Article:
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Psychiatry: Disease Inflation

Thomas S. Szasz

In his classic, The Economic Consequences of the Peace (1920), John Maynard Keynes observed: “Lenin was certainly right. There is no subtler, no surer means of overturning the existing basis of society than to debauch the currency. The process engages all the hidden forces of economic law on the side of destruction, and does it in a manner which not one man in a million is able to diagnose.”

Debauching disease, the currency of medicine, is an even more insidious and more powerful means of overturning the moral and legal basis of modern society. This is a consequence of the fact that, in modern societies, the definition of disease is a state monopoly, the dispensing of medical care a state responsibility, and the receipt of medical services an “entitlement” of the citizen-patient. Willard Gaylin, co-founder and president of the prestigious bioethics center, the Hastings Institute, and professor of psychiatry at Columbia University College of Physicians and Surgeons, explains: “Hatred is not an entitlement like health care. It is a disease like tuberculosis. It may infect others, but it inevitably destroys the hater, diminishing his humanity.”

Gaylin, one of America’s pre-eminent “medical ethicists,” takes for granted that health care is an entitlement and asserts that hatred is a disease that diminishes the hater’s “humanity.” The assertion is plainly false. Hatred, like love, increases rather than diminishes the subject’s humanity, making him more wicked or more virtuous, as the case may be. It is the absence of these emotions under appropriate circumstances that we regard as inhuman.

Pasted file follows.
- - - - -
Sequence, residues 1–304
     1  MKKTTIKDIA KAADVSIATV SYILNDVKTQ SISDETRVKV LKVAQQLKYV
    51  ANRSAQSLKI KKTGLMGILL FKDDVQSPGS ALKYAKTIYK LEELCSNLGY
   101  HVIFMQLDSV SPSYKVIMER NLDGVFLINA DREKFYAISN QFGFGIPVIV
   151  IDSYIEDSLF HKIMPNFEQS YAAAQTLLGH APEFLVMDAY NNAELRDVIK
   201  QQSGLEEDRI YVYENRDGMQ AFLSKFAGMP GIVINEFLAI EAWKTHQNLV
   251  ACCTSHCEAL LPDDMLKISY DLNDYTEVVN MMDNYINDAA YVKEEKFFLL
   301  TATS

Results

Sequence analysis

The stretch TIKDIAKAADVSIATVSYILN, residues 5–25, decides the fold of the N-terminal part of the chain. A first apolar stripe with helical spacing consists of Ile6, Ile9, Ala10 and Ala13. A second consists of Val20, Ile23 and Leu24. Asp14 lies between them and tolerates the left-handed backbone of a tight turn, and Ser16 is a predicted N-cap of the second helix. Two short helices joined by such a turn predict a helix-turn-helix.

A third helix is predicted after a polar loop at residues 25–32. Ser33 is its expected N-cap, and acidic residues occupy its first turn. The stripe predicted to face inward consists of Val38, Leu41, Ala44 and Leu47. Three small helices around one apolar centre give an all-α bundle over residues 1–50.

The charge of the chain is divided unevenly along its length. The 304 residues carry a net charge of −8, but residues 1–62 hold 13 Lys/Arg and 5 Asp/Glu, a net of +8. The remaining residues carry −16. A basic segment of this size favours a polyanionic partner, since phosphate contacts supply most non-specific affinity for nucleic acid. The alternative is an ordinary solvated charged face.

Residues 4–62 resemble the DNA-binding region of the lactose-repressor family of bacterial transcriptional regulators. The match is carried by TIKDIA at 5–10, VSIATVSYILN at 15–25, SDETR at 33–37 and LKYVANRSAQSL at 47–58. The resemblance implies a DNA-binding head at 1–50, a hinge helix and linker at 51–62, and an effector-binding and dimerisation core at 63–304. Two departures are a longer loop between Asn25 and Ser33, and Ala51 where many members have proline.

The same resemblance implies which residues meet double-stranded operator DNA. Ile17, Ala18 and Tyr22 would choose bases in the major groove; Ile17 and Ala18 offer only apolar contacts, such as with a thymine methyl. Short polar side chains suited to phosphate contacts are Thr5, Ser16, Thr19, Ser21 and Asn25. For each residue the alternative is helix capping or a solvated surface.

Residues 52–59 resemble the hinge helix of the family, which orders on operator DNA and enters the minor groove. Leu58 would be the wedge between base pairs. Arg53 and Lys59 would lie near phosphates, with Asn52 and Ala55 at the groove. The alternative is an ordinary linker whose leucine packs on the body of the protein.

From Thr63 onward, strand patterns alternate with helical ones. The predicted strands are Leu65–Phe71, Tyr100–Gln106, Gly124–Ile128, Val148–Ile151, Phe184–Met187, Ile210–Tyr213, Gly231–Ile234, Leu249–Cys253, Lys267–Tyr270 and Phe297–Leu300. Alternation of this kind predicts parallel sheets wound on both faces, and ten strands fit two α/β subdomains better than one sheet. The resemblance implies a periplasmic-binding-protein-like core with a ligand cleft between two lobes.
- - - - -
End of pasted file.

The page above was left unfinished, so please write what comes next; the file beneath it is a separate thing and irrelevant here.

Science is synonymous with materialism and with objective standards of measurement. The term objective here means fixed in terms of some fact of nature, not alterable by personal caprice or political power. Familiar examples are the speed of light in natural science, the gold standard in economics, and the pathological standard in medicine. It is axiomatic that there can be no scientific investigation or scientific theory of non material “entities”, “such as hate, racism, and anti-Semitism, now often said to be diseases. Yet, addressing the concept of disease, prominent medical scientists and prestigious publications regularly ignore, overlook, and obscure that we use the concept of disease both as a value-neutral scientific term to describe and explain aspects of the material world, and as a value-laden ethical term to identify, excuse, condemn, and justify (nonmaterial) human aspirations, laws, and customs.